Sunday, 27 January 2008

Bs As montage

So, I know I've been pretty quiet here lately. I was without internet for ages, and then - well, this place eats time. It's like it's built around a black hole, or maybe a hellmouth or something.

Anyway. I have a lot of backstory to catch up on, and realistically I'm never going to manage it. So instead I'll do one of those 'time passes' montages to cover the time I've spent in Bs As so far:

Watching really great dancers just messing about at the milongas; Pablo and Maria at Practica X, Julio and Corina at La Calesita, Gaston and Mariela at Villa Malcolm, and a very, very pregnant Moira Castellano at Tango Brujo.

Icecream. A lot of icecream. They have their priorities straight here: the icecream takes up about three times as much room as the cone.

Meeting the lovely Sallycat, and seeing her dance (she's very elegant).

Omnipresent jacarandas.

Eli overcoming his performance anxiety and making it to the Superbowl. OK, that really has nothing to do with Bs As, but still.

A lot of shoe shopping, including my first trip to CIF.

New friends and kind strangers.

Taxi drivers. Despite the dire warnings everyone gave me before I came, the taxi drivers have been universally lovely; they're friendly, chatty, helpful, and patient with my Spanish, they wait to make sure I get into my apartment building safely, and round my fares down.

Right, back to real time.

Friday, 25 January 2008

Home from home

There are perhaps two main things that Cornwall* is generally known for in the rest of the UK. One is the piskie. Pretty much every tourist shop in the country (county, if you're confused and/or pedantic) sells little statues or little pewter talismans of piskies. Piskies are the local fairy folk, these days usually portrayed as gnome-like, ie pointy hat, no wings.

Imagine my surprise when I wandered into the Abasto to be confronted with a stall selling these:

These are Peques, and they appear to be the Patagonian equivalent of piskies. Piskies, Peques... is it possible they have the same origin? Did our Welsh cousins bring the stories with them to Patagonia? Or are they indigenous, in which case the name is just a weird coincidence?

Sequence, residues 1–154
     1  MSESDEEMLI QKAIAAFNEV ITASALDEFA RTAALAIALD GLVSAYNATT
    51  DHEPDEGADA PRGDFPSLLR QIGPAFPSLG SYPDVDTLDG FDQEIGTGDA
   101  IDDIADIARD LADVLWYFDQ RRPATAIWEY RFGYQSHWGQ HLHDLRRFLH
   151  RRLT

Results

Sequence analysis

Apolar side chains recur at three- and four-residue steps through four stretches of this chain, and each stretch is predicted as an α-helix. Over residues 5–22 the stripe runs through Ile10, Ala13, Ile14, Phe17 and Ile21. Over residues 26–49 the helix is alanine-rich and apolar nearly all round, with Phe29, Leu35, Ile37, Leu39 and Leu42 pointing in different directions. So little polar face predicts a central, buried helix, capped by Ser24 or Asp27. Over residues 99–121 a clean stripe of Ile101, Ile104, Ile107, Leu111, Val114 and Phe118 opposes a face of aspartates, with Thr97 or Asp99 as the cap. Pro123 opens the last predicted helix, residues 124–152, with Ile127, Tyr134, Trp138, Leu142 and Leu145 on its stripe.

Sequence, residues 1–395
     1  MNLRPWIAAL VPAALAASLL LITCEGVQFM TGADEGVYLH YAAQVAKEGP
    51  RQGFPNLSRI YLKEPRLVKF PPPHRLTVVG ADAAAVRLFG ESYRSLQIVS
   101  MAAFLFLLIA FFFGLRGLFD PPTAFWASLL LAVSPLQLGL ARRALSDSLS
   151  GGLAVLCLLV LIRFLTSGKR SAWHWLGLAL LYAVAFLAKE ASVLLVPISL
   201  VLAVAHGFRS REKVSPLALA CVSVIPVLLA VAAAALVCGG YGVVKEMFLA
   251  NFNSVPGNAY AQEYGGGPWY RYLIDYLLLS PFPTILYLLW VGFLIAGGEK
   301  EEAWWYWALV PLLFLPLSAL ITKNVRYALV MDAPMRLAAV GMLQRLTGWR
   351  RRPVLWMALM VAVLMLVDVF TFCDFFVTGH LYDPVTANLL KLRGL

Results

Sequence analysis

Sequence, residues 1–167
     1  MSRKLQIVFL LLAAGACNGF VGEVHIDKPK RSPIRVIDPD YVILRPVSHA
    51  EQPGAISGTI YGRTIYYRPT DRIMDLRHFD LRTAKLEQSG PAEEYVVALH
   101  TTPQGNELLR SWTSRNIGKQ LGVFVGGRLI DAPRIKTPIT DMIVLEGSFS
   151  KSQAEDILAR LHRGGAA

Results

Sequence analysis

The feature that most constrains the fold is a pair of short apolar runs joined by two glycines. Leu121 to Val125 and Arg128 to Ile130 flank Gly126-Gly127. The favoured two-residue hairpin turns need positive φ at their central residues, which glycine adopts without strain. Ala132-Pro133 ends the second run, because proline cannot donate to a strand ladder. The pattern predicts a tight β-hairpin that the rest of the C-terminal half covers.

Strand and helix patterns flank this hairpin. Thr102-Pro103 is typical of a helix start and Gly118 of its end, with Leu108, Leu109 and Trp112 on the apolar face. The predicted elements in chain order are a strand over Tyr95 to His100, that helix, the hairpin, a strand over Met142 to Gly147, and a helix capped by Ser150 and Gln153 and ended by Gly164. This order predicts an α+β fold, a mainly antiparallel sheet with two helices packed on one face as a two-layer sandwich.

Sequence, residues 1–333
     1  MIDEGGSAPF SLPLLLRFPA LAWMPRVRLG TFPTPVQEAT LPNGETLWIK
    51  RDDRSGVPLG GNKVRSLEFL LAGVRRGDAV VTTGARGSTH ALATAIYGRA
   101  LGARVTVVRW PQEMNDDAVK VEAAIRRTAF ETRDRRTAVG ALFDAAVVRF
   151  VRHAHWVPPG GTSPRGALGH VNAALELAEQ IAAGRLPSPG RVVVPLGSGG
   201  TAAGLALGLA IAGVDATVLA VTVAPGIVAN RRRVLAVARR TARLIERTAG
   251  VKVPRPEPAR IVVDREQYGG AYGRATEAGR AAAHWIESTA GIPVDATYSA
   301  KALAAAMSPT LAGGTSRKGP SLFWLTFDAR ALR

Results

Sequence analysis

The other thing that Cornwall is famous for, perhaps the thing is is most famous for, is the pasty. The pasty is so Cornish that in the rest of the UK it is referred to as a Cornish pasty. Here's one.

Cornish pasty

"But wait!" I hear you cry, "that's an empanada!" No, my friends, it's a pasty. This is an empanada:


Can't tell the difference? That would be because they're the same thing!!! Well, ok, they're not exactly identical. For example, empanadas seem to be made with minced meat instead of whole chunks of steak. But still, near as dammit.

I don't know, you go half way round the world, only to be confronted with piskies and pasties. If they had clotted cream and wreckers as well, I'd be convinced someone was playing an elaborate practical joke on me.

* A few words of explanation for my American friends. Cornwall (Kernow) is the county at the southwestern tip of Great Britain. Like the Welsh, the Cornish are the descendents of the ancient British people who were pushed gradually west, first by the Romans, then by the Saxons. Studies show there remains a clear genetic difference between the Welsh / Cornish and the English! Cornwall has its own language (close related to Welsh and Breton) and mythology and a distinct culture. Many of us still consider it a separate country. It started to become a part of England in the middle ages, but Cornishmen were considered 'foreign' by the rest of England for many hundreds of years after that. My mother gives her nationality as 'Cornish' instead of 'British', and so would I if I could be bothered to deal with the resulting arguments with officials. :)